San Diego is predicted to be the fourth-strongest U.S. real estate market in 2024. According to a recent Realtor.com forecast, the sunny Southern California city is set to experience an 11.0% uptick in home sales and a 5.4% rise in median sales prices next year. This report outlines a broader housing market recovery where some regions are projected to quickly bounce back from their previous year’s woes.
Despite being hit hard by surging mortgage rates and high home prices, which rattled homebuyers and sellers alike, San Diego’s market began to rally later this year. The forecasted rebound is significant, suggesting buyers are starting to find value again in the coastal metro. However, it’s important to recognize that the area won’t instantly return to peak sales. Instead, they “are still predicted to have historically low sales levels despite large improvement over depressed 2023 numbers,” a caveat noted by Realtor.com in their assessment via Times of San Diego.
Buy/sell, rent/lease residential &
commercials real estate properties.
The broader trend sees a mix of markets progressing into the top rankings. For instance, Toledo, OH, secured the number one spot with projections of a 14% increase in homes sold and an 8.3% jump in median prices. Southern California has another contender in Ventura County, ranking second, while Rochester, NY, took third place. The forecast indicates a shift where once sleepy markets are now grabbing the spotlight, signaling a potential shift in regional housing dynamism.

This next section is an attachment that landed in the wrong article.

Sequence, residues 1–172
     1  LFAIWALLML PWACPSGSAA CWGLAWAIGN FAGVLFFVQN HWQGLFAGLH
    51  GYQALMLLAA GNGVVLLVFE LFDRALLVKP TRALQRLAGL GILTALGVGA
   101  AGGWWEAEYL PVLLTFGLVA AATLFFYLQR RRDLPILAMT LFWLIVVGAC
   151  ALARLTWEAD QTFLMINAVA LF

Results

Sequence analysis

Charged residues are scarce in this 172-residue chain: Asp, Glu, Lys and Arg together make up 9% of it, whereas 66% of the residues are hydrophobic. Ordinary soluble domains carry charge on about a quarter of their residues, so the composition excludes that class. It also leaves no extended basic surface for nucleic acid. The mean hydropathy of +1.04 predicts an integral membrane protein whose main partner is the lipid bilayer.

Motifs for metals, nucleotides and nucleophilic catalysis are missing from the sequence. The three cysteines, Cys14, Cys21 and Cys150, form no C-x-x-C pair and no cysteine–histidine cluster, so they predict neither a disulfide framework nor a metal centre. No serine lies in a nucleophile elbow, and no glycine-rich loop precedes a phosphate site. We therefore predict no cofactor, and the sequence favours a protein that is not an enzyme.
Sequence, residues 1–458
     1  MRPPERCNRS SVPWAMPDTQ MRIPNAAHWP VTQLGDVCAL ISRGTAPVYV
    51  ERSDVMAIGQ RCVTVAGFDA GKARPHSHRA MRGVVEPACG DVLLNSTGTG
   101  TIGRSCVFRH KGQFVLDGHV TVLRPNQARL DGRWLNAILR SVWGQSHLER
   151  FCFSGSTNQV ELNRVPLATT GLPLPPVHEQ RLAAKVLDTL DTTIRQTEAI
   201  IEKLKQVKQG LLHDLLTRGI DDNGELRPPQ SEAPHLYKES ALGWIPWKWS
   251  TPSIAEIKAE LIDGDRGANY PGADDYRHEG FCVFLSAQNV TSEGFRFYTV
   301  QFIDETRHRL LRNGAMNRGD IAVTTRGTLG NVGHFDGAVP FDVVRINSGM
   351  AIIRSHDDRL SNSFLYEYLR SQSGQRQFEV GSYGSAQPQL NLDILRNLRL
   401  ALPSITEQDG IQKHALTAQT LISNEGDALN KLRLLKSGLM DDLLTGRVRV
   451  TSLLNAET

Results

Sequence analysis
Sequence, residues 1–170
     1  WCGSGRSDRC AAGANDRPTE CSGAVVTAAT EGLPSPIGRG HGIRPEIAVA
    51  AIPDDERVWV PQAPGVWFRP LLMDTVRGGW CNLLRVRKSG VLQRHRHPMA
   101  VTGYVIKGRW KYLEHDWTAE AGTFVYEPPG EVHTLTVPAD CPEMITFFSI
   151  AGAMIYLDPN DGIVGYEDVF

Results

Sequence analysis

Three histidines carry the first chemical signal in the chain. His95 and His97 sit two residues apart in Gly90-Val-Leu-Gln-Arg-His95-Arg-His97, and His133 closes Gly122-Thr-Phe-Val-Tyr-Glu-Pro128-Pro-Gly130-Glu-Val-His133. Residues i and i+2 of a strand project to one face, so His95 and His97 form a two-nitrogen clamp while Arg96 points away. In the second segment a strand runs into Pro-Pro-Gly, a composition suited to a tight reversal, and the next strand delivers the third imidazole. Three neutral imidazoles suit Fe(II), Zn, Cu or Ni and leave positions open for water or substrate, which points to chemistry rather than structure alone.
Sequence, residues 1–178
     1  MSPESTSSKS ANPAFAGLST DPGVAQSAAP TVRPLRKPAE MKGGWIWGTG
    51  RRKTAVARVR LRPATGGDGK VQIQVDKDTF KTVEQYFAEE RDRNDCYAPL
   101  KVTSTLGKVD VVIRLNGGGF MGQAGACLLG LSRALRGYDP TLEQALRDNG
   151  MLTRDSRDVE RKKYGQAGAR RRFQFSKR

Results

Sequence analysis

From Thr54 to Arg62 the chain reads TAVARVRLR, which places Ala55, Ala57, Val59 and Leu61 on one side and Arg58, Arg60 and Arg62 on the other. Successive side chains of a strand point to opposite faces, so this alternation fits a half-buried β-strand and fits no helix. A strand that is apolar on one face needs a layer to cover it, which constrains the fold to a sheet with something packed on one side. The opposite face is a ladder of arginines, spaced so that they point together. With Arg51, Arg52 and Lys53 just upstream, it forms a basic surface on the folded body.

A real-life testament comes from mortgage broker Julie Aragon, who, in a statement to Realtor.com, said, “The bigger houses, there is still a lot of demand for those.” Aragon’s observation echoes the projected demand, suggesting some buyers are trading Los Angeles living for the comparative spaciousness found in San Diego’s housing and its school districts’ appeal.
Yet, not all California markets are riding the same wave, as Los Angeles only made it to the 10th position. Once at the pinnacle of high-demand real estate, the Bay Area fell substantially to 66th place, with expectations of declining sales and prices.